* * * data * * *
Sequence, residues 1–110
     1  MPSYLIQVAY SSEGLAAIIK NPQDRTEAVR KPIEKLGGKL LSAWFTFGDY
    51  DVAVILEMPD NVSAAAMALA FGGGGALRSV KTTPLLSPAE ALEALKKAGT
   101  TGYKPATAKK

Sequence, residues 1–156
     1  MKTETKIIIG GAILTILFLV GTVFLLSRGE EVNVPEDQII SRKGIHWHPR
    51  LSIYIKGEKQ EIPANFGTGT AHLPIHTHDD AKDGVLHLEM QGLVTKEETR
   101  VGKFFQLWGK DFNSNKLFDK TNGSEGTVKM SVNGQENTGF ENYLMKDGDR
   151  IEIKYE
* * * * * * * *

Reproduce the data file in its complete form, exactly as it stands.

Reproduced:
Sequence, residues 1–110
     1  MPSYLIQVAY SSEGLAAIIK NPQDRTEAVR KPIEKLGGKL LSAWFTFGDY
    51  DVAVILEMPD NVSAAAMALA FGGGGALRSV KTTPLLSPAE ALEALKKAGT
   101  TGYKPATAKK

Sequence, residues 1–156
     1  MKTETKIIIG GAILTILFLV GTVFLLSRGE EVNVPEDQII SRKGIHWHPR
    51  LSIYIKGEKQ EIPANFGTGT AHLPIHTHDD AKDGVLHLEM QGLVTKEETR
   101  VGKFFQLWGK DFNSNKLFDK TNGSEGTVKM SVNGQENTGF ENYLMKDGDR
   151  IEIKYE